Texas remained an independent republic for
almost ten years.
The War with Mexico
Read One American’s Story Silently
• p. 390
Manifest Destiny
•The phrase
Americans used to
explain their
expansion westward
Since 1818, Oregon had been occupied
jointly by the U.S. and Britain
• Polk’s presidential
expansion of the
United States.
• He talked of taking
over all of Oregon
• This was one of Polk’s campaign
• The parallel of 54° 40’ N latitude
was the northern boundary of
the shared Oregon Territory.
• Rather than fight for all of
Oregon, however, Polk settled
for half.
• In 1846, we agreed to divide
Oregon at the 49th parallel.
• It extended the boundary line
already drawn between Canada
and the U.S.
The Oregon Country
•The United States
settled for less land
than it wanted.
Troubles with Mexico
• Polk had good reasons to
avoid war with Britain
• He had much bigger
troubles brewing with
Mexico over Texas
of Texas
• Many Texans want to join the U.S.
after it became independent.
• Mexico warned the U.S. to not
annex, or take control of, Texas
• President Polk offered to buy
– Mexicans were convinced the U.S.
intended to take the entire continent.
– They refused to sell California.
President Polk
The War Begins
• April 25, 1846 Mexican and American forces
clashed in disputed territory
– Texas boundary dispute
– 11 American soldiers killed
• U.S. declared war two days later
• American armies moved into California, New
Mexico, and Texas to defend territories
– California and New Mexico surrendered
Mexican American War: Invading Mexico
Zachary Taylor at his
encampment during the
Mexican War
• Zachary Taylor led 6,000 U.S. troops into Mexico
• Santa Anna led an army of 20,000
• Both met near Monterey in 1847
– Santa Anna retreated
Strange but True
• Read p. 393 about Santa Anna’s
REAL leg
•GUESS where his
fake leg is?
Captured Leg of Santa Anna
It’s in Springfield, Illinois
• Mexican general Antonio Lopez de Santa Anna
became a villain in America when he ordered
his troops to kill Davy Crockett and everyone
else inside the Alamo. But that was several
wars ago, and until recent times Santa Anna's
name recognition had fallen considerably. For
example, the average person probably didn't
know that the general had a fake leg.
• Santa Anna's real leg was amputated after he was
hit by cannon fire during a fight with the French in
1838 (the leg was put in a grave or tomb with full
military honors). In 1847, his artificial leg was
captured by soldiers of the 4th Illinois Infantry,
which is why it's in the Illinois State Military
Museum. Santa Anna was eating lunch during a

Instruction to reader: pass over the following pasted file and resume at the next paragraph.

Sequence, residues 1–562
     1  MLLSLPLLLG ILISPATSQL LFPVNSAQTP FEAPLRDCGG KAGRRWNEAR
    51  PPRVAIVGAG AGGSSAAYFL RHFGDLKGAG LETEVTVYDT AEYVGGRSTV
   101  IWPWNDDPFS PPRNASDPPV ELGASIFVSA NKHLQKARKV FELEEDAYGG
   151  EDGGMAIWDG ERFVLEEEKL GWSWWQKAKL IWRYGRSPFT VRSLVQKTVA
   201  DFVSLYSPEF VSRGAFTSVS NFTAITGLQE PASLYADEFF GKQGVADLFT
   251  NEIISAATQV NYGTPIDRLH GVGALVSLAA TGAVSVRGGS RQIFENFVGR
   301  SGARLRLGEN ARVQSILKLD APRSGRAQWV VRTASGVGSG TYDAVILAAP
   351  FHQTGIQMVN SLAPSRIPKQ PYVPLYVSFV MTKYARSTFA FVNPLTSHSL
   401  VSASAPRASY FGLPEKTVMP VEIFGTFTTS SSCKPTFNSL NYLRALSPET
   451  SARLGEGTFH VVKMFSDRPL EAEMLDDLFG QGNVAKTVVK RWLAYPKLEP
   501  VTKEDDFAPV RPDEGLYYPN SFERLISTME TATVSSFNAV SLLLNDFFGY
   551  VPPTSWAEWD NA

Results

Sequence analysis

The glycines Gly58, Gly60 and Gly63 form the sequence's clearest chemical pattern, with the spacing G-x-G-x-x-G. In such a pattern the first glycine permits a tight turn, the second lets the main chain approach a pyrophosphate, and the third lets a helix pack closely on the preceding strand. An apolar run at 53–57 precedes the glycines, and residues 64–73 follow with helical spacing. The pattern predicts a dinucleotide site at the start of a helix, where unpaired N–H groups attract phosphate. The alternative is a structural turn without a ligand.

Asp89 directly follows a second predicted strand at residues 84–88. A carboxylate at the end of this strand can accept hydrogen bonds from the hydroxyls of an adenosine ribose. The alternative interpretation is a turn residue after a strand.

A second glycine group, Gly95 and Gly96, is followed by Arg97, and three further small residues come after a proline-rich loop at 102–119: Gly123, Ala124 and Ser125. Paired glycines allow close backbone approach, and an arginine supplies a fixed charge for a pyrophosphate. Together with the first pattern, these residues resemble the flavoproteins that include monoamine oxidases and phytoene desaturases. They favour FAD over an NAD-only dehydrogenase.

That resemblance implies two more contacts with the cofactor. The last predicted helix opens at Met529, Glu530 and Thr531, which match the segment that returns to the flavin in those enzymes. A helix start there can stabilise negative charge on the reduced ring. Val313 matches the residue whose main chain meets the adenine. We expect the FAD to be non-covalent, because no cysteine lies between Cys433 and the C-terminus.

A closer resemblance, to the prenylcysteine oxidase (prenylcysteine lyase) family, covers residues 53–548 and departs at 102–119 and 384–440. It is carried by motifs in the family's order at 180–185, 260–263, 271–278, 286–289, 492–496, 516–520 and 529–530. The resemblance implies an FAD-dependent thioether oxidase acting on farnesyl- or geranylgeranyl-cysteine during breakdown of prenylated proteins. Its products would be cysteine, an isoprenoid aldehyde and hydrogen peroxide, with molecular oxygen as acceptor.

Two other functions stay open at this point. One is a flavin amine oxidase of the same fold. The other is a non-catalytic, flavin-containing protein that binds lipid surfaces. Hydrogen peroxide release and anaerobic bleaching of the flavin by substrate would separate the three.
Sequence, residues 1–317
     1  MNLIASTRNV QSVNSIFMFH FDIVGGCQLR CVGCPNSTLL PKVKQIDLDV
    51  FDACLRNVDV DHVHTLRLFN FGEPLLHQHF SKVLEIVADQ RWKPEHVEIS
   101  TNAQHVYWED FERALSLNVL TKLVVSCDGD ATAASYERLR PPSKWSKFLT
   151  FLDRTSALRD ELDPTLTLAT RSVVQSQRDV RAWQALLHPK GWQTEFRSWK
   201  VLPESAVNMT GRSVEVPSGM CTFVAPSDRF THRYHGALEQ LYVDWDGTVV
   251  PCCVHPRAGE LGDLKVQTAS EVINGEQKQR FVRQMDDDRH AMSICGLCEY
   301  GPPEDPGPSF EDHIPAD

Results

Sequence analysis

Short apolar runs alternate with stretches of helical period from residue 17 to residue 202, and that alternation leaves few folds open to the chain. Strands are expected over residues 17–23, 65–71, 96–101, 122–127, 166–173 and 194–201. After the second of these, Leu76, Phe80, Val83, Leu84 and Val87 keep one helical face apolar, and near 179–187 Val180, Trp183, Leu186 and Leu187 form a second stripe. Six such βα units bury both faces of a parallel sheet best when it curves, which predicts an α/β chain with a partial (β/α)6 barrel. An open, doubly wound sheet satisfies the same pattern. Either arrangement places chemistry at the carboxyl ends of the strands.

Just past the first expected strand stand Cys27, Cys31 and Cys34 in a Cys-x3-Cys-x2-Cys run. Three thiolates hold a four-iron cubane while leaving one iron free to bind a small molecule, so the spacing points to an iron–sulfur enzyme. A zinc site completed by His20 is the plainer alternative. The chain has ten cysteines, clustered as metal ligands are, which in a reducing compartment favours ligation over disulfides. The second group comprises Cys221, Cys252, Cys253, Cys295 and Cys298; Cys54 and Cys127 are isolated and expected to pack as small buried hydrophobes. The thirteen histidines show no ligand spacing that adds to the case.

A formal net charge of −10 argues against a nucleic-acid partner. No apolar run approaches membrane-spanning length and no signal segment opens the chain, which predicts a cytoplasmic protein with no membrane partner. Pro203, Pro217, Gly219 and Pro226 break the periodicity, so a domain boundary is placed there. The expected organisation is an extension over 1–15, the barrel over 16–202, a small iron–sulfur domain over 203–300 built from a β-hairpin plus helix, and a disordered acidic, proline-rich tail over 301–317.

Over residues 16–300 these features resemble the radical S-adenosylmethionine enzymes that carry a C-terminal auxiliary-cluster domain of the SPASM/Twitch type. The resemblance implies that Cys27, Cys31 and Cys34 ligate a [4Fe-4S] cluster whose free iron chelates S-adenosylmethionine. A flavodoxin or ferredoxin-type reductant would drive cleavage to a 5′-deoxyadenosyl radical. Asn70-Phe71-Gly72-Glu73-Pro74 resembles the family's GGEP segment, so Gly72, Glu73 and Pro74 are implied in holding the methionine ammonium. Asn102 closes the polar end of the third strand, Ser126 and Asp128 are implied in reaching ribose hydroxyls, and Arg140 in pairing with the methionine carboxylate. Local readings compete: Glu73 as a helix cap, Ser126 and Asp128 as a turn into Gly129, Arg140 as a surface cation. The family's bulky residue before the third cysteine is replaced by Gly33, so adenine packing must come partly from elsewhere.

battle with the U.S. when the Americans surprised
him, and he galloped off without his leg. The
sergeant who grabbed the wooden (and cork) leg
exhibited it at county fairs for a dime a peek, but
since 1922 it's been in the care of Illinois National
Back to the War…..
• The Invasion of Mexico
–The defeat of Mexico was difficult,
because the Mexican army was much
larger, but the U.S. troops were led by
well-trained officers. American forces
invaded Mexico from two directions.
–This proved successful in winning the
War with Mexico
• Winfield Scott led navy to
Vera Cruz and captured it
on March 27 with 10,000
• Mexican army made a
last stand at Chapultapec
Castle, Sept. 13, 1847
– Los Niño's Heroes
• Mexico surrendered
February 2, 1848
Battle of Vera Cruz fought in March of 1847
The Mexican-American War, 1846-1848
Treaty of Guadalupe Hidalgo
• Officially ended the
Mexican-American War in
• Mexican Cession (land the
U.S. acquired from Mexico)
included present-day
California, Nevada, and
Utah, & parts of Arizona,
New Mexico, & Wyoming
• Mexico was paid $15 Million
– Another $3 million in debt
was forgiven
• Increased Size of the U.S. by
almost 25%
Mexican Cession
Gadsden Purchase of 1853
• U.S. paid Mexico $10 million for southern parts
of present-day Arizona and New Mexico.
• This land was needed
for the expansion of
the Railroads.
Manifest Destiny is Fulfilled
The belief that the United States, having the best government and culture in the world, had the right and duty to
control all lands from the Atlantic to the Pacific. It was also based on racism, that Americans were superior to Indians
and Mexicans, which meant they had the right to these lands.
The California Gold Rush
California Before the Gold Rush
Before the forty-niners came,
California was populated by
as many as 150,000 Native
Americans and 8,000 to
12,000 Californios-settlers of
Spanish or Mexican descent
What Set Off the
Gold Rush?
• John Marshall’s discovery
of gold at a sawmill on the
American River in present
day California.
Results of the Gold Rush
• Many white American, European, and
African-American miners joined the
Californios as permanent residents of
• Thousands of Mexican miners came to
• Many Chinese miners left the gold fields and
started businesses.
• The American settlers did NOT rebel against
Mexican rule.